The Senate Intelligence Committee has now released its report on the American people’s torture of Dick Cheney, and has reached three stark conclusions:
(1) The American people did indeed torture Cheney, repeatedly subjecting him to vilification, derision, and even well-justified criticism. The most notorious method – pointing out to his face that his peculiar blend of delusional arrogance had done far, far more damage to the integrity of America and its underlying values than all the world’s terrorists combined – was used repeatedly at a secret, black-ops prison known only as “Washington, D.C.”
(2) The American people, despite the trust placed in them by their elected leaders, repeatedly lied to Congress about these acts, denying that they loathed Cheney so much that the very sight of him made them want to hurl, and claiming implausibly that they were merely “concerned” by the possibility that Cheney’s policies might be the major cause of the very increase in terrorism they were allegedly bent on defeating.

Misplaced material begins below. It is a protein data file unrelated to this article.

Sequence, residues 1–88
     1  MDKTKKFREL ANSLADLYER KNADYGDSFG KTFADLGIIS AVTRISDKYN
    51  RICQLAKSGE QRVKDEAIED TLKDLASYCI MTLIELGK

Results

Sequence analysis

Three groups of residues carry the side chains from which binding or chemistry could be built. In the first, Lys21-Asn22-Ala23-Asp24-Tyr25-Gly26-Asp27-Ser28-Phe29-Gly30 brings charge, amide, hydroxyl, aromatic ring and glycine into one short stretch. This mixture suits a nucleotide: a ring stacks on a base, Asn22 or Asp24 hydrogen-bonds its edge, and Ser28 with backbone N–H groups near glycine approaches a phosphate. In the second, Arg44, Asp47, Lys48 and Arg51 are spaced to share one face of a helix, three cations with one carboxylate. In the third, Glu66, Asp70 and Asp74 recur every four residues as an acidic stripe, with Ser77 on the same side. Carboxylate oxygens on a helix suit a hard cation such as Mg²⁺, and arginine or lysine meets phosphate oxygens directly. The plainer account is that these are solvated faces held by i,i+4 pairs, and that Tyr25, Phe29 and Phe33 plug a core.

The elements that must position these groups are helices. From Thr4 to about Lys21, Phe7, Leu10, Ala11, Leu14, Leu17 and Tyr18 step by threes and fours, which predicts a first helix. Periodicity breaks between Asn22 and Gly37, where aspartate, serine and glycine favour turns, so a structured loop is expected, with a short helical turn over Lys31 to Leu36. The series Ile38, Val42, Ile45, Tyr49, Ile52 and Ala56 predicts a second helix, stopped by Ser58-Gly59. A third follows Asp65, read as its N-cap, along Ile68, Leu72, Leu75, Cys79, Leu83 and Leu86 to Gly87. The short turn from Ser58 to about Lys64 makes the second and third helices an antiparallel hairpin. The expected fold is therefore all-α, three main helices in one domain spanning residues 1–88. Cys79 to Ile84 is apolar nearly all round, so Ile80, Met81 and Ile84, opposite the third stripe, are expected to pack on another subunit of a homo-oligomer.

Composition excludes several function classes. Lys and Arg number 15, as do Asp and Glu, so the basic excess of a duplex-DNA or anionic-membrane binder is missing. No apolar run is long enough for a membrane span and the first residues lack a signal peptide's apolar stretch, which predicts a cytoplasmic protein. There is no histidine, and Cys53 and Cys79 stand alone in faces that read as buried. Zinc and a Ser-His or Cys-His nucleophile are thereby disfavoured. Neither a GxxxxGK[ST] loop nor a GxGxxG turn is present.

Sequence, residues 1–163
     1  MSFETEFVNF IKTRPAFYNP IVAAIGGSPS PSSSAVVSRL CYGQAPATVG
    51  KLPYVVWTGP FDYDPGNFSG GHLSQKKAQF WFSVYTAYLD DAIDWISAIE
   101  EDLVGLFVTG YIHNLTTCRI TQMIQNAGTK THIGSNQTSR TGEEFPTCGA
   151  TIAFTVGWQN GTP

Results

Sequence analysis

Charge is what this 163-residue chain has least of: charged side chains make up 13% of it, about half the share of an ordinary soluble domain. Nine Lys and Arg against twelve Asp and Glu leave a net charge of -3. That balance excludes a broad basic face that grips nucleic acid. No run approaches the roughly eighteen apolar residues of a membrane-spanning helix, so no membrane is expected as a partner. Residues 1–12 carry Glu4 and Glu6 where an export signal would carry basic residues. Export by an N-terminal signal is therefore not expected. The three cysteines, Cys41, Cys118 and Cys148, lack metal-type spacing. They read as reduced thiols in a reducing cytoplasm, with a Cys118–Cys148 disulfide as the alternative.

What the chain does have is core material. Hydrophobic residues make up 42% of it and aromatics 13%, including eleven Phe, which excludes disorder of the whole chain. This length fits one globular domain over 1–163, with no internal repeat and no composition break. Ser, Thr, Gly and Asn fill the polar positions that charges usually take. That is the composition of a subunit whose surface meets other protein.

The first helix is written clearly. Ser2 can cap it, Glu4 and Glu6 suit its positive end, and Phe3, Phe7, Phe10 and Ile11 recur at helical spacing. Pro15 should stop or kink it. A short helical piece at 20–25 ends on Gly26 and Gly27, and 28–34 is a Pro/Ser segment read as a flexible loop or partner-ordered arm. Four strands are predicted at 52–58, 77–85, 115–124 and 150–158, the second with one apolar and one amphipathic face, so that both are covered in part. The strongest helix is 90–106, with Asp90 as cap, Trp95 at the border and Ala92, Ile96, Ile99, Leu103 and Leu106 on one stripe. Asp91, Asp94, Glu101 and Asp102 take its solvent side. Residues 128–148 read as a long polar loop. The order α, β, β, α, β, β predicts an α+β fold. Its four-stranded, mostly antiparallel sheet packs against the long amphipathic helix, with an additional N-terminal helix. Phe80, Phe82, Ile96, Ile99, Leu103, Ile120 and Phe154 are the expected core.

(3) Worst of all, perhaps, the campaign of illegal violence was wholly ineffective. In fact, the report concludes, evidence strongly suggests that Dick Cheney’s extremist ideological mania was unchanged by all the criticism.
In presenting the report, Senator Diane Feinstein said that America was “better than this,” and should be “nicer” to pseudo-patriotic, morally repugnant, nation-wrecking creeps in the future.
There are no plans to prosecute the American people for their war crimes, or hand them down the long jail terms they might seem to deserve. As the President indicated, “that would be inconsistent with our traditions, which involve always letting criminals off provided only that the crime was a truly serious one and that they were in a position of power and official responsibility at the time they committed it.”